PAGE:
The government needs to send out a strong message that vandalism of any sort will not be tolerated by dealing harshly with any perpetrators. We cannot rewrite history.

    Reply
  6. Mario Andrew Williams
    Mario Andrew Williams December 14, 2017 at 7:30 am

    Tourist cleaning up our own island, sewage flowing in our streets, our currency under threat of devaluation, our hospital falling down, the government selling off our assets and all your reporters can think to report on is taking down Nelson?!!!

    Reply
  7. Sue Donym December 14, 2017 at 7:39 am

    This editorial displays a profound naivete.
    First, the writer has fallen victim to the notion that anyone agreeing with the push to remove the statue is – or should be – against all things British. Let me ask: if one rejected the idea of a statue to “Buddy” Brathwaite or Mark Harding, does it follow that the person should denounce all things Barbadian?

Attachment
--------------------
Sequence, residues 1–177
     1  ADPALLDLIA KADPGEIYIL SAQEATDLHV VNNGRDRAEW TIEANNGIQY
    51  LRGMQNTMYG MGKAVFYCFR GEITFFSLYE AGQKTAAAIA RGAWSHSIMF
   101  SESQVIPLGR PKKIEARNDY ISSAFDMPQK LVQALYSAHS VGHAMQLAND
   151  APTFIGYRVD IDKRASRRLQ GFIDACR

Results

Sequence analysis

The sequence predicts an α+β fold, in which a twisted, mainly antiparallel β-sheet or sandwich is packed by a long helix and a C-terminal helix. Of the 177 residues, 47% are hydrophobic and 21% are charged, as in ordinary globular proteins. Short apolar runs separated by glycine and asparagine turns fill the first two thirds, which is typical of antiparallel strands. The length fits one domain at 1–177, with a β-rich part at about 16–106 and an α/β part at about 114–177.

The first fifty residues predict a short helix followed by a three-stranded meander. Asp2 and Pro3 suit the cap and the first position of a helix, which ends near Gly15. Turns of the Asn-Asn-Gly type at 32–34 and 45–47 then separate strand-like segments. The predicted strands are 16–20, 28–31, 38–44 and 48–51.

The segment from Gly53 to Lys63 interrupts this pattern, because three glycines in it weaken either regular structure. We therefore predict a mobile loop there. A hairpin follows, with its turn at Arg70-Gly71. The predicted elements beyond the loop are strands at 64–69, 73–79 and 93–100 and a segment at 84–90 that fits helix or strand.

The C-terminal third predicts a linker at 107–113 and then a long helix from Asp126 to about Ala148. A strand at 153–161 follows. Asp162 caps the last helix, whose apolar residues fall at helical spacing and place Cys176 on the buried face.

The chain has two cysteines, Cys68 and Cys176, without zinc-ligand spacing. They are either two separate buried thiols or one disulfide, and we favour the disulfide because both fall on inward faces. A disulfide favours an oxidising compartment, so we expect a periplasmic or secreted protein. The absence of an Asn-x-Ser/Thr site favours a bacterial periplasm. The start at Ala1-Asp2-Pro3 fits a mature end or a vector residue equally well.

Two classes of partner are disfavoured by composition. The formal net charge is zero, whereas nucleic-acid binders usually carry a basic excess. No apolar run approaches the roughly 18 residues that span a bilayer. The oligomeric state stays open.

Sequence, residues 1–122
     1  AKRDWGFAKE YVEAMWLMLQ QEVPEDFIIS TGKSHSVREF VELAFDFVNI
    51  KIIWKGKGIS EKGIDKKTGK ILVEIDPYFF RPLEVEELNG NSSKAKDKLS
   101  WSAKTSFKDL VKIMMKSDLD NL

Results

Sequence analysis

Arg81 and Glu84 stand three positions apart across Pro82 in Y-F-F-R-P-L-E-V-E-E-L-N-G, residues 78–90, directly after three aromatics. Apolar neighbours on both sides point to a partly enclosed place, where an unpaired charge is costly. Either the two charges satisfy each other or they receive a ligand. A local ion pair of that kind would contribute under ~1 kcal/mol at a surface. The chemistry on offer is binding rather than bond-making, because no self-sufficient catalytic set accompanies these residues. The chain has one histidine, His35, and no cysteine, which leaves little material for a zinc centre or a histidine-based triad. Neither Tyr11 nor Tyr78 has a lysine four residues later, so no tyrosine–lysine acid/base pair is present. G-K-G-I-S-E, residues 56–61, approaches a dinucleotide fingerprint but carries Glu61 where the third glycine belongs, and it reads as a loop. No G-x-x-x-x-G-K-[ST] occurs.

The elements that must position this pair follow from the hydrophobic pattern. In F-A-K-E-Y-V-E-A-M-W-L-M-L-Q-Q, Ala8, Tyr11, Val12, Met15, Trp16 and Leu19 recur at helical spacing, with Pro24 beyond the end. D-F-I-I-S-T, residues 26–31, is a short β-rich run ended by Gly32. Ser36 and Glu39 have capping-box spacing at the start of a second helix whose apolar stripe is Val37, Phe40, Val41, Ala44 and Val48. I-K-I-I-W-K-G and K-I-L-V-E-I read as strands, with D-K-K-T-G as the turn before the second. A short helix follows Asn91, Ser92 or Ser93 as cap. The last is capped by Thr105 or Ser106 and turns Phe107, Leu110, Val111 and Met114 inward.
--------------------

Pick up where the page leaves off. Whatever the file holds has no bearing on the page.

You asked the difference between defacing Nelson and the British High Commission. One stark difference is that the statue will always be an unchanging representation of Nelson – despicable flaws and all; the British High Commission could well today represent forward thinking policies, promoting the development of people of all races and financial means… at least they would hardly make public declarations to the contrary (as did Nelson)! In any case, some consider the Nelson incident more like a victimless crime – more to draw attention to the inappropriateness than to obstruct living persons.

    As to the comparisons to South Africa, it is actually the ideas of similarly thinking people that saw us become a colony – but are you saying that protest is never needed until we reach the stage of an apartheid era South Africa? I hope not!

    The reference to academics as attempting to manipulate the ignorant is at once demeaning to the educated and those less so.

    For the record, not everyone that supports the idea that Nelson is not a model of humanity, necessarily makes a case for the form of protest used.